Basking Shark - Cetorhinus maximus
Status: Vulnerable … The basking shark is the second-largest fish in the world
Location: Visits UK waters between April and October, most commonly seen SW Cornwall, Isle of Man and west coast of Scotland.
Size: Can reach 11 metres long and weigh up to 7 tonnes
Habitat: Open ocean.
Main Threats: Basking sharks were once hunted for their liver oil, but, thanks to MCS lobbying, they’re now protected in UK waters. Basking sharks occasionally entangle and drown in fishing nets, but the MCS Basking Shark Watch data suggests their population in UK waters may be recovering.
Because of its size, their very large fins are the most valuable in international trade to Eastern Asia. Shark finning is the wasteful practice of cutting off a sharks fins and discarding its carcass at sea – due to there being no interest in its meat. Shark fins are of high value due to its traditional, luxurious status in Chinese cuisine. The strong demand for fins is contributing to the fishing pressure on shark populations around the world.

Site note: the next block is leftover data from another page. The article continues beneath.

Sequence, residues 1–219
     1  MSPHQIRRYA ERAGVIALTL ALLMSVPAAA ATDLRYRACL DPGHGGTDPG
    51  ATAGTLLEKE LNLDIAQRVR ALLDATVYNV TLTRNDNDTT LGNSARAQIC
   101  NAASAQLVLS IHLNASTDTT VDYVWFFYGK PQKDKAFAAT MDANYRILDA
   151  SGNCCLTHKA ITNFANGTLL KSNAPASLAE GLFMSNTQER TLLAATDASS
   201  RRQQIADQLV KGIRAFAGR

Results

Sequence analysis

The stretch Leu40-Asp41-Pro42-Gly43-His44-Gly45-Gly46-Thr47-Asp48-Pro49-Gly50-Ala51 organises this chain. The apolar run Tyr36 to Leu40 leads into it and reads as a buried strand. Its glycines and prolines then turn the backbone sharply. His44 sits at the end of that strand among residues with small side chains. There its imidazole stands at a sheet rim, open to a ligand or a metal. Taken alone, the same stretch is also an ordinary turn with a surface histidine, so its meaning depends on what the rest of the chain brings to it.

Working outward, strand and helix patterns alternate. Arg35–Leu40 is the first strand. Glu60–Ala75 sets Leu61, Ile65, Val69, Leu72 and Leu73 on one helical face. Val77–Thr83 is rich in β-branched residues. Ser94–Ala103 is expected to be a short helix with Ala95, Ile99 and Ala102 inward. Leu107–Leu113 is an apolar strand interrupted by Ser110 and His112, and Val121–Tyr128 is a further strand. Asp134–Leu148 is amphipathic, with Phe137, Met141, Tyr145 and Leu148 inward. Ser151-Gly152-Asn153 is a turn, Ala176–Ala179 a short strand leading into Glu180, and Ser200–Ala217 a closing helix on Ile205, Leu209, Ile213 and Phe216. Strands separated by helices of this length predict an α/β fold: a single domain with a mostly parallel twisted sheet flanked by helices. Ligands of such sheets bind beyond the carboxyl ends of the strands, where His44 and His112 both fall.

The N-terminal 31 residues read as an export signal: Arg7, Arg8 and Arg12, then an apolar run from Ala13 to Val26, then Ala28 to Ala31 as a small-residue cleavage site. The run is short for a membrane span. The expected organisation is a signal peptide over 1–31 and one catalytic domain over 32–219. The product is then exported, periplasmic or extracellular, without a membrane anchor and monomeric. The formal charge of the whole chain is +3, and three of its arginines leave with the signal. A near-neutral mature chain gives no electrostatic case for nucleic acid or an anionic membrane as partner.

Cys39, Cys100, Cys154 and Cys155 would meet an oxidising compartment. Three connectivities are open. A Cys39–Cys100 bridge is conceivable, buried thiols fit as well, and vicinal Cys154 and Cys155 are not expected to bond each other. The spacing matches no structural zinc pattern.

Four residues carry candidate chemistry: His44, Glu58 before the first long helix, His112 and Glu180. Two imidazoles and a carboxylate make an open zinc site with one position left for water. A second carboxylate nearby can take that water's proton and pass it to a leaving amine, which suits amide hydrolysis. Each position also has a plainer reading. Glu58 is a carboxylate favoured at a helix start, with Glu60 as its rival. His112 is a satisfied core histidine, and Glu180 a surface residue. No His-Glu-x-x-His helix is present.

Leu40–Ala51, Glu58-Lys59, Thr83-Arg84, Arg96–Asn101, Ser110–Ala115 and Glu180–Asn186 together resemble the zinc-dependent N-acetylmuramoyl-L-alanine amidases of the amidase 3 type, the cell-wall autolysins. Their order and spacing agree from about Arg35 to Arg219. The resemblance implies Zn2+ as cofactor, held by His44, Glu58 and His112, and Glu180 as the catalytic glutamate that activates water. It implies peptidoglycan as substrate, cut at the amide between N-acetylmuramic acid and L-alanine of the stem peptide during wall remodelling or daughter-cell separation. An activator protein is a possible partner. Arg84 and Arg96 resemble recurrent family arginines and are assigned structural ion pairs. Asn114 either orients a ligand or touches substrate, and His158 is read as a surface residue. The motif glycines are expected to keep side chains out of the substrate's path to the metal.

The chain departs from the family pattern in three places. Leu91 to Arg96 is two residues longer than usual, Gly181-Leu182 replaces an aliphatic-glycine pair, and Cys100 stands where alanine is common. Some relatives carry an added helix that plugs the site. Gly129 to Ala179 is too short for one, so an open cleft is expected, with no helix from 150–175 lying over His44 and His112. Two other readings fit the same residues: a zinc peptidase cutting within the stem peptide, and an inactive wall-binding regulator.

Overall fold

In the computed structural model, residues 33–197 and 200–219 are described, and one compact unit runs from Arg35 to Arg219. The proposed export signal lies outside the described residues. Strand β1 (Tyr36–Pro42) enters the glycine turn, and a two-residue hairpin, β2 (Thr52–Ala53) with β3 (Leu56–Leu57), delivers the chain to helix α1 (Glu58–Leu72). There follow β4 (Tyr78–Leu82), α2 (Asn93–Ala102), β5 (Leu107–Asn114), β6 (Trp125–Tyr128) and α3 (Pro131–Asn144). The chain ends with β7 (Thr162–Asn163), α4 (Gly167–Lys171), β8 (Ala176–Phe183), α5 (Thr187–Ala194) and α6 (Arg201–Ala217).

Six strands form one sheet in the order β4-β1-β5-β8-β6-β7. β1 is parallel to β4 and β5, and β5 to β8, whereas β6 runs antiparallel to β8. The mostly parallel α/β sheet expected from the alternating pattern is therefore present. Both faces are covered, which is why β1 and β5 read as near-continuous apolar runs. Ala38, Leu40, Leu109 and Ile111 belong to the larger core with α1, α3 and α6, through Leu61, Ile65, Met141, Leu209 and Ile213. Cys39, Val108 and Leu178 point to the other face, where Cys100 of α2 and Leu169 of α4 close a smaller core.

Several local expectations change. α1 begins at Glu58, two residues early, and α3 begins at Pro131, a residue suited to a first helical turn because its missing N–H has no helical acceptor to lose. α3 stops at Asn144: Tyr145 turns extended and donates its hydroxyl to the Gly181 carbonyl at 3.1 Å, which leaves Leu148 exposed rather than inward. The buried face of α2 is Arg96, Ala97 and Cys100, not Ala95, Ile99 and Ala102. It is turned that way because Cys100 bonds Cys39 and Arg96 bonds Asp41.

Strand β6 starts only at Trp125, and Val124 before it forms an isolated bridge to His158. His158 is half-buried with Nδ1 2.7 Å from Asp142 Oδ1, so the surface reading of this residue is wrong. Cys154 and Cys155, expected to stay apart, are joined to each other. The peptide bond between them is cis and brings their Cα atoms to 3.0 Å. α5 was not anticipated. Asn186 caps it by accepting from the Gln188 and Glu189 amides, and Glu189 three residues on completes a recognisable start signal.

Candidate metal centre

Basking sharks mate in the early summer months. One ovary contains a very large number of small eggs and the embryos hatch within the uterus. During the development of the embryos the mother produces infertile eggs for the embryos to feed off. The gestation period for a basking shark is around 12-36 months. It is believed that there is a 12 month resting period between each litter, which gives a 2-4 year interval between litters. This slow rate of reproduction makes basking shark populations highly vulnerable to over-exploitation. Very little is known about basking sharks and their whereabouts during the winter months.
Did you know?
- They feed on plankton, filtering 2,000 cubic metres of water per hour through their gills!
- Despite their size, basking sharks are harmless to humans.
- In summer months, when we are most likely to see them, basking sharks move slowly at the sea surface, feeding on plankton with their characteristic wide-gaped open mouths. This gives the impression they are basking in the sun, hence the name ‘basking shark’.
What MCS is doing:
- Finding out more about our enigmatic basking sharks through, Basking Shark Watch, the largest basking shark sightings database that we know of;
- Campaigning for better management of marine protected areas to protect basking sharks and their habitats from damaging activities;
- Campaigning for better water quality in UK seas, including at inshore basking shark habitats;
- Campaigning to reduce marine litter.